"The force of a photograph is that it keeps open to scrutiny instants which the normal flow of time immediately replaces." Susan Sontag
|Watering can, sedum, pots|
Photography gives us the power to isolate scenes from contexts and in so doing make them appear self-sufficient: above, a watering can, some plants in pots, and nature poking through and around. Instant still life composition, if you will. This ability to isolate compositions uncovers loads of subject matter in gardens, which while unified wholes comprise an array of scenic elements. Any number of them in fact, as it's rather arbitrary where one scene begins and another leaves off. But the camera's shutter resolves any ambiguity with finality, peeling off a distinct slice of reality and rendering it as self sufficient - a small world of its own. And in these digital times, compositions can simply be re-framed until a pleasing amalgam of content and angle emerges. Now why it is that one collection of objects suits the eye while another does not is a mystery, a product of aesthetics, opportunity, and our subjective intent. Also, the technical frame of the camera's lens, the rectangular boundaries that can be set horizontally or vertically and brought closer or set farther back, causes modes of viewing to appear that aren't necessarily evident in the same way to the naked eye. As a recording device, cameras create a facsimile of reality and in so doing, they create entirely new possibilities.
|Cluster of fallen cones, from an Atlas Cedar|
Releasing the camera's shutter determines the take with finality, and the beauty revealed (if beauty was sought) is indeed in the eye of the beholder. I haven't reflected on where this urge to assemble things into still life compositions, or to focus on patterns or details in scenery, comes from. But I seem always to have inclined towards it myself (my godmother painted still life settings and close ups, and I was always intrigued by her work), and I still enjoy searching out what to me seems a good cluster. Good clusters almost invariably have some innocence or humbleness or even a naievete about them, although marks of wear, passage of time, and even signs of slow demise can reveal beauty in everyday objects. But I've come to realize that my eye doesn't differentiate still life from close up photography very clearly, so they tend to shade into a continuum of effects. In this post I'm sharing a few of my own takes as eye-bait and to illustrate how simple things - as often found together by chance as intentionally placed - can yield, if not outright beauty, then at least visual interest when they are focused upon and isolated. Of course, the momentary passing light they're seen in matters too, structuring the distinctiveness of the impression left - for in some sense, the collection of objects or block of patterns actually is the light the picture shows it in.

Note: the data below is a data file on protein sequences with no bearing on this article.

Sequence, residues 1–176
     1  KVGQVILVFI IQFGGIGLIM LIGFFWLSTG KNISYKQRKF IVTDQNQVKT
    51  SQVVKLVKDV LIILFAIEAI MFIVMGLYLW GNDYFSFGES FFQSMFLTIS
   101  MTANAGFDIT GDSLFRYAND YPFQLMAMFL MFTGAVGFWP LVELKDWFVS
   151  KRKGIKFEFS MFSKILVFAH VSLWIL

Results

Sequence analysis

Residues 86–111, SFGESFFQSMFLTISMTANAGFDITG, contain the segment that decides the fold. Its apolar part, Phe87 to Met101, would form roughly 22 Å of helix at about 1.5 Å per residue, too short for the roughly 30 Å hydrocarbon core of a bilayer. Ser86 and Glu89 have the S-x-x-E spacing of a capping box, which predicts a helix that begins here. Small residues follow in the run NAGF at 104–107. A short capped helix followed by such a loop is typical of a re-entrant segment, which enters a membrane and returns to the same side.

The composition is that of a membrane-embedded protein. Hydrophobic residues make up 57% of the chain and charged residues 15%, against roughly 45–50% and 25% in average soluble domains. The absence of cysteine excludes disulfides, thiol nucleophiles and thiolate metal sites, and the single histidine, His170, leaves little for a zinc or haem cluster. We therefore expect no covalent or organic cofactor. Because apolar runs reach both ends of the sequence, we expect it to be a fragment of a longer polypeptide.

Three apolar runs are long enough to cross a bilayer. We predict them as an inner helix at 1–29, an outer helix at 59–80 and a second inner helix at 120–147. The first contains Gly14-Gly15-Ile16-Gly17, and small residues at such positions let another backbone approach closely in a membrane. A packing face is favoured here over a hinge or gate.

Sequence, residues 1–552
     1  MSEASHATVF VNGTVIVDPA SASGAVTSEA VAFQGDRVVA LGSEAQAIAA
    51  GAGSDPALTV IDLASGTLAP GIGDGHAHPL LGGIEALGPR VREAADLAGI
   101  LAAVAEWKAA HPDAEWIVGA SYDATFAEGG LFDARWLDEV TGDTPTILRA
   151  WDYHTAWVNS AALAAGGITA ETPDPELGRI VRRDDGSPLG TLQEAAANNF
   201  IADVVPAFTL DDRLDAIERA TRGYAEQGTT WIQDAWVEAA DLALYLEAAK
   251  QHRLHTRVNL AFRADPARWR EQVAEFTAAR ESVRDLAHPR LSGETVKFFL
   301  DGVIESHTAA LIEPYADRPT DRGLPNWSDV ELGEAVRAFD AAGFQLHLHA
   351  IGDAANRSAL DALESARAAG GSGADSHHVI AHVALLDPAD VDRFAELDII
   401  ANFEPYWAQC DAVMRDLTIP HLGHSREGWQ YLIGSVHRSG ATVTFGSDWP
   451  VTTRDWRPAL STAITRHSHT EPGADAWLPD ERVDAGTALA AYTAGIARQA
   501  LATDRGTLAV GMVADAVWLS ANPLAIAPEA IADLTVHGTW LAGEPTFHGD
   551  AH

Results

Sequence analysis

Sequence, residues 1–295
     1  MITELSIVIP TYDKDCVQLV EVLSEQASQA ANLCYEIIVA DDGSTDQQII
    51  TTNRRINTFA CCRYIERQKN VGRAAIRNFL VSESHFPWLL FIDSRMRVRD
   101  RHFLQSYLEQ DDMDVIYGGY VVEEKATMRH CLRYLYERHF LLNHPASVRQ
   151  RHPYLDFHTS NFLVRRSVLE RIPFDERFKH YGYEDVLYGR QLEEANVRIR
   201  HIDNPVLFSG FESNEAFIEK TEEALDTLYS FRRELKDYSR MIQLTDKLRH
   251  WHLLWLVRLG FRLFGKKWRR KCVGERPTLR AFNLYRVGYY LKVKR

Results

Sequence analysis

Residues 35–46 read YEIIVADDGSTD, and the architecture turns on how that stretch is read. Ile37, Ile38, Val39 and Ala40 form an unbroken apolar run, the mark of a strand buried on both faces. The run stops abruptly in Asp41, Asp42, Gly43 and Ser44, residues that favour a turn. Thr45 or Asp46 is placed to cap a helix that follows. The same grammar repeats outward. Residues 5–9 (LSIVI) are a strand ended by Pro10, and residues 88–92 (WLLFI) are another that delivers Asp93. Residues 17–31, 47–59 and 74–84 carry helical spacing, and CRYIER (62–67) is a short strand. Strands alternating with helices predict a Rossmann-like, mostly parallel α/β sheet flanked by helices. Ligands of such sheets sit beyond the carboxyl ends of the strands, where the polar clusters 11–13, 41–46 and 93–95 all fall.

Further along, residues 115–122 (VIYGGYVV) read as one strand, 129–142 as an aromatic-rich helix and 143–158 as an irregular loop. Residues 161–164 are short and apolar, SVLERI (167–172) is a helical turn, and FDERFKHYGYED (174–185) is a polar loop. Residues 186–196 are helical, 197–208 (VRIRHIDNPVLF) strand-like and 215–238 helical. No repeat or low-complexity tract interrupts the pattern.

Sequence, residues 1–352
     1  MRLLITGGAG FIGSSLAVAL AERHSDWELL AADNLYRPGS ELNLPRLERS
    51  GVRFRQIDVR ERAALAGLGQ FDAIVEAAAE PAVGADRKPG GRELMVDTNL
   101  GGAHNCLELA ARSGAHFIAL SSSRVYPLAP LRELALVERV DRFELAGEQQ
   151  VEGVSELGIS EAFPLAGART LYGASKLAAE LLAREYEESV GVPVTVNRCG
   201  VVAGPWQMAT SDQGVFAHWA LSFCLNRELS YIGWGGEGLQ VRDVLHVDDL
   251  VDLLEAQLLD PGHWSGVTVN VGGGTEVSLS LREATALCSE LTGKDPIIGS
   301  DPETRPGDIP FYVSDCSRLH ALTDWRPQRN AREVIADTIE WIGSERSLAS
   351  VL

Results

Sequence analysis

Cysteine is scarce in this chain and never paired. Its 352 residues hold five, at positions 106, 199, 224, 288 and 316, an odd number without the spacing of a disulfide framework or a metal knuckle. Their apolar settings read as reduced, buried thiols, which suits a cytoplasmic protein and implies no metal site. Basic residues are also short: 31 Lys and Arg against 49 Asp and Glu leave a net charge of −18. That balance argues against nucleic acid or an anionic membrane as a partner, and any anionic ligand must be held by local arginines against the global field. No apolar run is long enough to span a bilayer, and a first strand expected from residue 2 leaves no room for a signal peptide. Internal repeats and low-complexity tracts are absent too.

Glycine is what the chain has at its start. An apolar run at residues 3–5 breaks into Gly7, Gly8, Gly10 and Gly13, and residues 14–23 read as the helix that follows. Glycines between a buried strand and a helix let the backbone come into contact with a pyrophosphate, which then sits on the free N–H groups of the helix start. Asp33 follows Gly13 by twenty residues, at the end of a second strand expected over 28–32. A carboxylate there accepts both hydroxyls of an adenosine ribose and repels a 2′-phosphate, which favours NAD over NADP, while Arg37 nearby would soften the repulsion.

|Snail completing a long stretch across a gap between paving stones|
Sometimes you just happen upon subject matter by chance, as when I noticed the snail above patiently crossing a deep gulf between some paving stones. We only see these snails after a rain, while the ground is still moist and they can move about without dehydrating. This picture involves an element of chance in that it only existed for a moment: here the snail is just completing its prodigious stretch across the gap, drawing its shell back over an extended body in completion of its forward movement. Chance timing, while a great generator of pictures (this scene changed in a slow-motion moment) is one source of still lifes, but I also enjoy using certain favoured objects as props in creating my garden still lifes. I deploy these props to catch or model garden effects, as with the watering can in the opening shot in this series, or the weathered teak chairs below. They reliably give specific impressions of light at a particular moment or display seasonal garden effects. The watering can confirms the nature of the scene portrayed, suggests human engagement with plants and implies something quite intimate about the garden itself. Back to the continuum I mentioned: the weathered chairs below could be considered more scenic than still life.
|Weathered chairs with emphatic shadow lines|